While I quickly connected with Roscoe and his idiosyncrasies, I struggled with understanding why Simone approaches her life the way she does and how her scientific mind guides her decisions, avoiding anything emotional or sentimental…at least that how she thought she lived her life until she was reunited with her childhood best friend. It took me a bit to warm up to her personality and to see beyond her primary reason for befriending Roscoe 10 years later. BUT, I will say that once Simone starts to be honest with herself and with Roscoe, I found her extremely likable and loved how Penny Reid crafted Simone’s personal revelations and how difficult it becomes for her to separate her personal and professional life given that the one she wants to be a significant person in her life is involved in the case she’s working for the FBI.
In order for Roscoe and Simone to move forward, they need to make new memories together – ones that replace Roscoe’s old recollections, and the scenes where they work towards that goal are well written and quite emotional, and regardless of how analytical and logical these two people are, when it comes to what they mean to one another and what they want from each other in the future is highly emotional and something that cannot be solved without their hearts factoring into their situation.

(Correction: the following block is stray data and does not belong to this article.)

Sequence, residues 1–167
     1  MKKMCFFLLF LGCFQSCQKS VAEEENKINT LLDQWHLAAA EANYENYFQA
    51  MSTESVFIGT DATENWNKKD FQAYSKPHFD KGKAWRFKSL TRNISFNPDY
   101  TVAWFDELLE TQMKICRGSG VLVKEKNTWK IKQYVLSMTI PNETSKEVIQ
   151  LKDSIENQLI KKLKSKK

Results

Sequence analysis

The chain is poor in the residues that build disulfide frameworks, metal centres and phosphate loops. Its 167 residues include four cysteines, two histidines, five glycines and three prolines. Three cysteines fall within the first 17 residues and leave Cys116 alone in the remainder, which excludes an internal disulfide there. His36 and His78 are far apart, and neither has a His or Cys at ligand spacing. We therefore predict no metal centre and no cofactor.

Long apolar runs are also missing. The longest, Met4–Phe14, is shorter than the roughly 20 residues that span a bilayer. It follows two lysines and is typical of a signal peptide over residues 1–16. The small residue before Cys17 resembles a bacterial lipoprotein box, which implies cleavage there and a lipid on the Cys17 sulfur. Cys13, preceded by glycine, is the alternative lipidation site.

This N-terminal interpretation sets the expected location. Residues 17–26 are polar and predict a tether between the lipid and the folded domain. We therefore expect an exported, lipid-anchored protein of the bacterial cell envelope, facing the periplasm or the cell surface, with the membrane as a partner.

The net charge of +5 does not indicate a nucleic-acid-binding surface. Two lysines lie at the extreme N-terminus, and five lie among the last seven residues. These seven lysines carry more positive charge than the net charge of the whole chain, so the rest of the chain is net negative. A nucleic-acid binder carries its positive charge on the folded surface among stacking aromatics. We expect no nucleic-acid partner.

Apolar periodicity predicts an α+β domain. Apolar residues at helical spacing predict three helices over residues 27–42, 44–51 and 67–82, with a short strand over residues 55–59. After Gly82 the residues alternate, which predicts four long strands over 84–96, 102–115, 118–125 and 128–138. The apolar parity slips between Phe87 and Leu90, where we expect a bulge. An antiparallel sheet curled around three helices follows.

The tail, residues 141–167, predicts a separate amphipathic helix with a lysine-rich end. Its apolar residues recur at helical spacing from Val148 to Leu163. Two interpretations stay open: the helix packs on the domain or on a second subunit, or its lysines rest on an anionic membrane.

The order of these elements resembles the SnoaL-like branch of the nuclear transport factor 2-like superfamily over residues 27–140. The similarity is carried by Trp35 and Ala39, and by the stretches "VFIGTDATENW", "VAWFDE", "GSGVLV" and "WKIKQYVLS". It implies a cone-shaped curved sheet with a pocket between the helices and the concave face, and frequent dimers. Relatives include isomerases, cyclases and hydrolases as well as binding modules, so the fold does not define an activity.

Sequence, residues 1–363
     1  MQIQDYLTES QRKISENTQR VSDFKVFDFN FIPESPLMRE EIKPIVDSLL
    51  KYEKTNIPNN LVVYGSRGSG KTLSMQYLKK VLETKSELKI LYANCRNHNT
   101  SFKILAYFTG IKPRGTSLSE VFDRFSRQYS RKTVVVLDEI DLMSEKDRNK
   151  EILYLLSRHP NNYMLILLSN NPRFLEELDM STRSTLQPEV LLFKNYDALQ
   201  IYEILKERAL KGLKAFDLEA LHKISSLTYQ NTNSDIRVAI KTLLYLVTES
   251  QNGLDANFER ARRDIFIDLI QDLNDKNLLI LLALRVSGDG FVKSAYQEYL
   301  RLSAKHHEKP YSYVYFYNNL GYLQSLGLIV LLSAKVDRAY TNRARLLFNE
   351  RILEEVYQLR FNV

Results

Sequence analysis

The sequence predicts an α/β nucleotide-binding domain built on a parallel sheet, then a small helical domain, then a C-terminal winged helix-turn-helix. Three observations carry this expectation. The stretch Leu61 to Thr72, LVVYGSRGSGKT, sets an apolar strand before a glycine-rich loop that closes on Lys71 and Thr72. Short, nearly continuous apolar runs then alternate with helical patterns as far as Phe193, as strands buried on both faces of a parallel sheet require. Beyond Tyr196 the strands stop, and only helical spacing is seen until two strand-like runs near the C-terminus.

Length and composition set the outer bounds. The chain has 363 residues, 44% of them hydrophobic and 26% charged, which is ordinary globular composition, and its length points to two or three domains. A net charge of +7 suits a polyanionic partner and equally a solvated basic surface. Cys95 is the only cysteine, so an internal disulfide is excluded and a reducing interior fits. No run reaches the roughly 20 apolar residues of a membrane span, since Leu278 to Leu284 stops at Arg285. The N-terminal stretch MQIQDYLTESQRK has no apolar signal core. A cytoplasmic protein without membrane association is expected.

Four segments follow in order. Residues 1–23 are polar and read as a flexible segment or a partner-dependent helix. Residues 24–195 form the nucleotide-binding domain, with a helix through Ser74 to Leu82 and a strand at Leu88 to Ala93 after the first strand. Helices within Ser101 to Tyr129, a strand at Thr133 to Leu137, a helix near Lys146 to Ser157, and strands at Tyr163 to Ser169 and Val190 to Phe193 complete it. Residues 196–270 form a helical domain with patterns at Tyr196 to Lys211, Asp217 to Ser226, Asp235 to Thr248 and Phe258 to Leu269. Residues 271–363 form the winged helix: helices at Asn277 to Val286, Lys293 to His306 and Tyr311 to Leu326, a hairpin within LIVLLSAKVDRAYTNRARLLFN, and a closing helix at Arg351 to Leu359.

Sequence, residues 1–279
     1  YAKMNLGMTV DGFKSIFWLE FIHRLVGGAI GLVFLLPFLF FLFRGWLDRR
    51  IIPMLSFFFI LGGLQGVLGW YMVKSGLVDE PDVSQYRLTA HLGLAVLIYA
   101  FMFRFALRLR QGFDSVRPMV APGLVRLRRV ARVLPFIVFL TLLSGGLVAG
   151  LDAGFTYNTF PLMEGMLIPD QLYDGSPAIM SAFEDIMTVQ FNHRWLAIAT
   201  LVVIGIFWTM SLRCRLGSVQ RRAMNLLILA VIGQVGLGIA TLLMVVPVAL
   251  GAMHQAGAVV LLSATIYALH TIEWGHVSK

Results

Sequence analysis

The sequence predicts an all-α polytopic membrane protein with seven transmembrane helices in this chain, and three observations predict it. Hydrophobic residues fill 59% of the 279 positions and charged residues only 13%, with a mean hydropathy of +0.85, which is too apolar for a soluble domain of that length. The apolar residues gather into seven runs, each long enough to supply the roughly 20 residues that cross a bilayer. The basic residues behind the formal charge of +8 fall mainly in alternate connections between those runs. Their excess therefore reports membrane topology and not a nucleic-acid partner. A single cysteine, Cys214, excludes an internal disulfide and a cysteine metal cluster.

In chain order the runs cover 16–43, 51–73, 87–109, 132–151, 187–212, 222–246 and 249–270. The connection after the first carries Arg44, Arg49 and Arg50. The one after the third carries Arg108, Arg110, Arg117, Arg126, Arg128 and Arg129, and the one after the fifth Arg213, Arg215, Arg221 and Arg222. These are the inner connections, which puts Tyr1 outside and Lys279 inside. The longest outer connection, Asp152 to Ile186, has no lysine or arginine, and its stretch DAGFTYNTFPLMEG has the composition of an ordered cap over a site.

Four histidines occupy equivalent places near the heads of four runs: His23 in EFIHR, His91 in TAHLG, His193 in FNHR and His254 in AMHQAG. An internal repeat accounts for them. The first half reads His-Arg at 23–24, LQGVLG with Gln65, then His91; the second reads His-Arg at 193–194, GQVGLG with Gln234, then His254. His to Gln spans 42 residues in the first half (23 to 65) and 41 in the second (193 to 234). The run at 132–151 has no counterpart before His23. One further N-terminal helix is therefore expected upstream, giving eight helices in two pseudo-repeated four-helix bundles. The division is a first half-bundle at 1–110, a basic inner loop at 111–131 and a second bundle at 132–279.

Due to Simone’s undercover operation and where Roscoe factors into her assignment, Dr. Strange Beard takes on quite a suspenseful aspect and it’s clear that before Simone can resolve this case, the truth will be revealed and the role Simone plays will be a point of contention for Roscoe and perhaps a memory that he’ll never be able to forgot or move on from when everything comes out.
I’m a lover of smart romance, and in my opinion, Penny Reid epitomizes all of the qualities that I adore about this style of writing, and while it took a bit for me to see who Simone truly is, once I did, I couldn’t get enough of her and Roscoe’s analytical thoughts as well as their journey to an emotional connection that focuses more on their hearts than their heads.
4.5 Poison Apples
“Simone, this is not one of our adventures from when we were kids. This is not finding Blithe Tanner’s cat. These men are murderers, drug dealers, thieves.”
“I know.” Boy oh boy, did I know. I didn’t want to be here anymore than he did. I was frightened. Yet allowing Roscoe to be taken on his own hadn’t been an option. “I can handle myself, and I can provide backup for you, if you need it.”
Roscoe gripped my shoulders. “Nothing can happen to you, do you understand?” His words were emphatic, his gaze disoriented, desolate, frantic. “If anything happens to you, I’ll . . .” He swallowed, apparently unable to finish the sentence.
My heart twisted to see him like this. I wished there were some way to show him what I could do, what I was capable of, so he would stop seeing me as a liability.
Well, why can’t you?
Now there was a thought.
Stepping out of his grip, I walked backward to the other side of the room and took a deep breath. “Okay. Come at me.”
He blinked. “What?”
“I want you to come at me.”
“Simone,” he seethed.
“Come at me, bro.” I did that little movement with my fingers, my palm turned upwards. “Come at me or I’ll start singing again.”
“I’m not doing this.”
“Fine.”Frustrating. “I’ll come at you.”
He stood there, features set, looking raw.
Moving quickly forward, staying light on my feet, I faked right and then went left, hooking him behind the back of his leg, catching his arm to twist behind his back, and sending him to the ground—face-first—with a thud.